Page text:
After enabling this option, go to the Network tab and start scrolling the webpage slowly. When you see that loading animation at the bottom of the website, just stop and see on the right side i.e. the Network tab and find which link just appeared. This is the link we have to give to the spider.
Implementing Start_Requests() Method
Now let’s make the spider step by step. We have a python file containing the initial code for the spider. Now remove the pass statement and add a method named start_requests.
By experimenting a little bit, you can see while loading jobs, the last two digits of the link are updating every time and that digit is the factor of 25. For this, when you first scroll further after reading 25 jobs, the last digit will be 50. That makes sense because every time Linkedin load 25 jobs and the last digit denotes how many job posts are there. That is how the browser sends requests to the server.
So we have to update the last two digits. For that reason, I gave curly braces in the position where the digit exists and by a for loop, we change that number and send requests programmatically, just like the browser. That’s all about the start_requests method.
Now you can also see in the above code snippet that I also define a callback function in the scrapy.Request() function. This just tells the spider the next step after fetching the links. Now it’s the time for implementing the after_fetch method.
Implementing after_fetch() method:
In this method, after fetching the link we again go to the job link where we get the all details about the job. Remember the problem where I mentioned that the right side disappeared after opening the developer tool. So I go to those job links, which are given with the job title, and from there I scrap those necessary pieces of information.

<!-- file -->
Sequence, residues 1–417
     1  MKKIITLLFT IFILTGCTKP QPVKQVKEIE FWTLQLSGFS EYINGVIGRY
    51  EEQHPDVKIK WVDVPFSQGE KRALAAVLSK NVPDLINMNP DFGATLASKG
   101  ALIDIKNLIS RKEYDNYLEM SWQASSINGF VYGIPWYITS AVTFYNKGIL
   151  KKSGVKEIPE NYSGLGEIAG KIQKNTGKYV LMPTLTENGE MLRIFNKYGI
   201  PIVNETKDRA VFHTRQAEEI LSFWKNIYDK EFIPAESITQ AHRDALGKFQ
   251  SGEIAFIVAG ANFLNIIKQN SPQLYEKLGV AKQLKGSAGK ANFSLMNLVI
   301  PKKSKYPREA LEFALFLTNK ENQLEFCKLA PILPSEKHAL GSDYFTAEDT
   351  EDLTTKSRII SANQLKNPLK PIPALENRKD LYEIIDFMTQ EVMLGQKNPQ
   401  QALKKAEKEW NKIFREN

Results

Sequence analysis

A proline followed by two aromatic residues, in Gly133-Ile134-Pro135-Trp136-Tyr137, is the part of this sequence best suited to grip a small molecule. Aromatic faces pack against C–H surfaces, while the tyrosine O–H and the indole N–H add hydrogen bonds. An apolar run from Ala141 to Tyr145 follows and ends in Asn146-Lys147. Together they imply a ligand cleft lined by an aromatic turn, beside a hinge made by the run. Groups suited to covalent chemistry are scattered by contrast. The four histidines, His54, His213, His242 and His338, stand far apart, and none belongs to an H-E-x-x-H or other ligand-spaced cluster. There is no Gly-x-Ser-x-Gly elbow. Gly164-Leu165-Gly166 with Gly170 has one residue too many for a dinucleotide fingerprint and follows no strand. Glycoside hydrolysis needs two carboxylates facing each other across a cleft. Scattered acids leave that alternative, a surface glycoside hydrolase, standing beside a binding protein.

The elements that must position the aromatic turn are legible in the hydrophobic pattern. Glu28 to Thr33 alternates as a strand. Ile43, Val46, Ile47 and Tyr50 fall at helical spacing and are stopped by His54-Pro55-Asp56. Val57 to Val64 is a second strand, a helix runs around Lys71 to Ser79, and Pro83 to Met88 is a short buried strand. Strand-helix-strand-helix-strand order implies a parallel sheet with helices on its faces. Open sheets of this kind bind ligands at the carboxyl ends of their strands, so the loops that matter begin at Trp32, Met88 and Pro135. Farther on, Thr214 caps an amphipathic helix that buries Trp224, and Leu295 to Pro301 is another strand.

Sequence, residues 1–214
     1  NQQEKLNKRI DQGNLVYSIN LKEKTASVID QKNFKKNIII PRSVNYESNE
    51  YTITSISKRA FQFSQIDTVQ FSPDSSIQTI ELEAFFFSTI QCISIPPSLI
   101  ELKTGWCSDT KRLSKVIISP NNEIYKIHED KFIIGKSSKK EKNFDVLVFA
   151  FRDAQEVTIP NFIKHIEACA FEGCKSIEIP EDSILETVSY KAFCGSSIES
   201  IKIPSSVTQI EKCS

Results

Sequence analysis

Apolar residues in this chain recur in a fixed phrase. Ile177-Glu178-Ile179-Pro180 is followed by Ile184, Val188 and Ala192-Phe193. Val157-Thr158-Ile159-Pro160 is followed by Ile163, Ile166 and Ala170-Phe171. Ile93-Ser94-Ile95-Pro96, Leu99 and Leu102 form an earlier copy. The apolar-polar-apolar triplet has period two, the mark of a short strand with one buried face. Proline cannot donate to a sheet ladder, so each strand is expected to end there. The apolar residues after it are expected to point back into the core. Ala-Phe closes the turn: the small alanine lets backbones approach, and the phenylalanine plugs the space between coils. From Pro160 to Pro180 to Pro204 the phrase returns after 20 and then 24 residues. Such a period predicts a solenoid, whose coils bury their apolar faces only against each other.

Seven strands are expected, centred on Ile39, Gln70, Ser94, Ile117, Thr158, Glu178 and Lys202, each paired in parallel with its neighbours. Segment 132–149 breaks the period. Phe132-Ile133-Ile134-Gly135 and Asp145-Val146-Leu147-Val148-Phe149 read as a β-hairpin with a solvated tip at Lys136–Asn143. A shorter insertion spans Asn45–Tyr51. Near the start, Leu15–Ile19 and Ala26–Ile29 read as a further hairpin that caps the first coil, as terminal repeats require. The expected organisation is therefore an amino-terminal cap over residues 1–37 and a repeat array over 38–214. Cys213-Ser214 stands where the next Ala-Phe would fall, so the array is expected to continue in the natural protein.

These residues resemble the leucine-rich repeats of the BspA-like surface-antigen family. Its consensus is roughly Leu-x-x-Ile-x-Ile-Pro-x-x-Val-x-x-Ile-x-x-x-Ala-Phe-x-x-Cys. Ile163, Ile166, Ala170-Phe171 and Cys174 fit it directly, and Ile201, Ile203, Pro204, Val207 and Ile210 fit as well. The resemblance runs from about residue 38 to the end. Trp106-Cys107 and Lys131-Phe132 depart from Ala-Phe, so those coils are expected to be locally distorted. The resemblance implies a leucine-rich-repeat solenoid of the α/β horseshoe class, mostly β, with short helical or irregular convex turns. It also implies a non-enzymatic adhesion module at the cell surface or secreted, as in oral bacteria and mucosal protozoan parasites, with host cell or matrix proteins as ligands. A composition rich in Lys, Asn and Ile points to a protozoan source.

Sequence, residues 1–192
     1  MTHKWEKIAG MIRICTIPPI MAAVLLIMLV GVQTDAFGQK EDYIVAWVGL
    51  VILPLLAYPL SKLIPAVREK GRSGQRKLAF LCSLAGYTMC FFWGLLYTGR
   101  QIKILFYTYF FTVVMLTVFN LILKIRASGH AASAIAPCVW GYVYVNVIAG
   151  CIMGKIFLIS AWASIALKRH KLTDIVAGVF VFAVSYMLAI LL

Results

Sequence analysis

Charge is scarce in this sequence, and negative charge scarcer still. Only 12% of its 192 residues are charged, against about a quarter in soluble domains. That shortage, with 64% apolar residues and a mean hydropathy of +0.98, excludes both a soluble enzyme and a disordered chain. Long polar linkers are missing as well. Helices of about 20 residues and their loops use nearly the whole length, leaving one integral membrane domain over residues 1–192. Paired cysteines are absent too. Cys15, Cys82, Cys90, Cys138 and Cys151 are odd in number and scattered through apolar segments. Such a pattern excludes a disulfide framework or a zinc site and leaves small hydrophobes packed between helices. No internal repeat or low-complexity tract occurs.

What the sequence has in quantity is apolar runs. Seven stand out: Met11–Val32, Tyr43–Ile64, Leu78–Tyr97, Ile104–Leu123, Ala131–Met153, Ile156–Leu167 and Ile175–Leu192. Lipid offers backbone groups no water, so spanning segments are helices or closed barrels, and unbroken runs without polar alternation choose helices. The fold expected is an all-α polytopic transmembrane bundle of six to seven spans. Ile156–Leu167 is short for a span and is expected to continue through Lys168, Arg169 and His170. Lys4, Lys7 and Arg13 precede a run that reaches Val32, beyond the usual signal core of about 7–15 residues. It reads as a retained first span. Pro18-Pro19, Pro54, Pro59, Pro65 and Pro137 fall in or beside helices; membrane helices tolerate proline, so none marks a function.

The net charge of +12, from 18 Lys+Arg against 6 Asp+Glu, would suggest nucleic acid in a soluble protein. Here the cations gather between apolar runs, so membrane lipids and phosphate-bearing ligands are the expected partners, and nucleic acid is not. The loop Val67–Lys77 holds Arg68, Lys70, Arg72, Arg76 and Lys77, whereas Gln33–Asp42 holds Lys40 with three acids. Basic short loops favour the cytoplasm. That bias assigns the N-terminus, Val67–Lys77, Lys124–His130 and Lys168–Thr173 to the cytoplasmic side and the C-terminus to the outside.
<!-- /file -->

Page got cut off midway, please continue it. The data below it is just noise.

Now in the above code, you can see that there is also a callback argument in response.follow() where I specify a method named parse. it is a method inherited from Scrapy and it is a required method. Now let’s override this method.
Implementing Parse() Method
If you are familiar with Scrapy, you can easily understand those codes. I gave a little space between codes for better understanding.
In the first part, I select the job description, whether the job is entry-level or not, job title, company name, location, and time.
In the second part, I cleaned the collected information.
In the third part, I made a dictionary containing all the data I have collected so far.
And finally, I yield that dictionary.
The difference between yield and return is – yield returns a sequence of values, but return gives us a single value.
Now we are done writing our spider. now let’s run this by this command—
scrapy crawl -o job_data.json
Here is that spider name that you give in the spider class.
By specifying -o, we tell scrapy to save those data in that file. you can give any name of that file but don’t change the format; otherwise, it will give an unexpected result. You can also save those data in a CSV file. Just modify the code as needed.
After scraping all the data, it will look something like this.
So, we successfully created a spider that can scrape job data from Linkedin. If you face trouble understanding those CSS selectors anywhere, just go through this article.
Now you can scrape any job website like a pro. You can also learn how to tackle the infinite scrolling problem and gain good knowledge about Scrapy. I faced a lot of trouble while tackling the infinite scrolling problem on Linkedin. I hope you don’t fall into that trouble after reading this article.
That’s all for now. If there is any problem, please let me know😇. Thanks for reading this article so far😁. Sayonara!